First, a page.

Not only did the Category 4 Hurricane Ida hit that weather-beaten city 16 years to the day and with more ferocity than did during Hurricane Katrina which was Category 3, the 150 mile plus winds actually reversed the flow of the Mississippi River.
Hurricane Ida blasted ashore Sunday as one of the most powerful storms ever to hit the U.S., and the most powerful storm to hit Louisiana since 1877, nearly one million residents have been without power since Sunday afternoon.
The Category 4 storm hit on the same date Hurricane Katrina ravaged Louisiana and Mississippi 16 years earlier, coming ashore about 45 miles (72 kilometers) west of where Category 3 Katrina first struck land. Ida’s 150-mph (230 kph) winds tied it for the fifth-strongest hurricane to ever hit the mainland U.S. It dropped hours later to a Category 3 storm with maximum winds of 115 mph (193 kph) as it crawled inland, its eye 30 miles (48 kilometers) west of New Orleans.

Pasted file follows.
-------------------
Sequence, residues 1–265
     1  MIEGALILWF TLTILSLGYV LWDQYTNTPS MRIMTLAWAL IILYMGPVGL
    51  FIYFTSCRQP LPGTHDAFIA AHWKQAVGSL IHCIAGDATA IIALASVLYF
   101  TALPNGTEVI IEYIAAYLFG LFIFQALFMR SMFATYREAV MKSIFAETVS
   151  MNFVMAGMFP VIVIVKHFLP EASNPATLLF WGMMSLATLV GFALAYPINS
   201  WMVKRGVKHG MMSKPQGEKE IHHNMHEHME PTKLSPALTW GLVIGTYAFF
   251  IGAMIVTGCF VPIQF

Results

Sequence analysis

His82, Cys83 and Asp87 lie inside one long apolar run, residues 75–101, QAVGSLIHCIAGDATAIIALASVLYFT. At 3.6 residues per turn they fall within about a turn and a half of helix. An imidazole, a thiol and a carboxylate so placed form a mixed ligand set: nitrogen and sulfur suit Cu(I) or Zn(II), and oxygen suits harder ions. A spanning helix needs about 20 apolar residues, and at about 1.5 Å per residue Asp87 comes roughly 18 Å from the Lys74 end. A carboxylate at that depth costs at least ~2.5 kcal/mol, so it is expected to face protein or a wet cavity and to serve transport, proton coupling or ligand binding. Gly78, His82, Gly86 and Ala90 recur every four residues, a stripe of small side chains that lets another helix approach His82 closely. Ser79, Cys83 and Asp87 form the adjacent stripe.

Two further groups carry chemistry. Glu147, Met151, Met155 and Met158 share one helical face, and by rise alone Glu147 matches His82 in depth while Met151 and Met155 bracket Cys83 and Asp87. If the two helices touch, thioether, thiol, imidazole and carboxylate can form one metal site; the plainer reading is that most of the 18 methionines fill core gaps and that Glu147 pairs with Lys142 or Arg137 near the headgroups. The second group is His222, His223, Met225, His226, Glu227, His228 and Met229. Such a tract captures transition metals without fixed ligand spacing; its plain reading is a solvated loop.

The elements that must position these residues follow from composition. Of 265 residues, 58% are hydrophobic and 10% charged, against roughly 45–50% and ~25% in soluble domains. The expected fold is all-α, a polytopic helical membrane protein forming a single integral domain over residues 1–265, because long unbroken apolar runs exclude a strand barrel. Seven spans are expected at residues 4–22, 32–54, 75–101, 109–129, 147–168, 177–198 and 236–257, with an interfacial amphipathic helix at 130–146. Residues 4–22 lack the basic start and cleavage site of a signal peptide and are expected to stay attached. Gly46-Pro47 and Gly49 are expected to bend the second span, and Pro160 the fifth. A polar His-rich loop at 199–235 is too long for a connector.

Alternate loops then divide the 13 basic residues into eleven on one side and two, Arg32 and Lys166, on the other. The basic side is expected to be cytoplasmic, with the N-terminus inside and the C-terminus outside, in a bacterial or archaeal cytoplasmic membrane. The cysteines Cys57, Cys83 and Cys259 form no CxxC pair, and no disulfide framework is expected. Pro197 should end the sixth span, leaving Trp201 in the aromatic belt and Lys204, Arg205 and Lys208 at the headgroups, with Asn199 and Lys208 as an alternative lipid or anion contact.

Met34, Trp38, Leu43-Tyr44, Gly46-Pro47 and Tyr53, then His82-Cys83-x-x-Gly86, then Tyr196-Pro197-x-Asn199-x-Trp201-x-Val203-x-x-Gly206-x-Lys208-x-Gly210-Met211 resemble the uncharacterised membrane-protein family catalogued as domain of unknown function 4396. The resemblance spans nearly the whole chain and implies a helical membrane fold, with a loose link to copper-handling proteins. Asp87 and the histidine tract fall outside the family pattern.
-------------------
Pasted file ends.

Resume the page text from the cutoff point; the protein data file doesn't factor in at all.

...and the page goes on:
But the levees held.
Ida comes at a time when the New Orleans region grapples with a strong resurgence of COVID-19 infections, which adds complications due to hospitals near capacity and the risk of spreading the virus at temporary shelters
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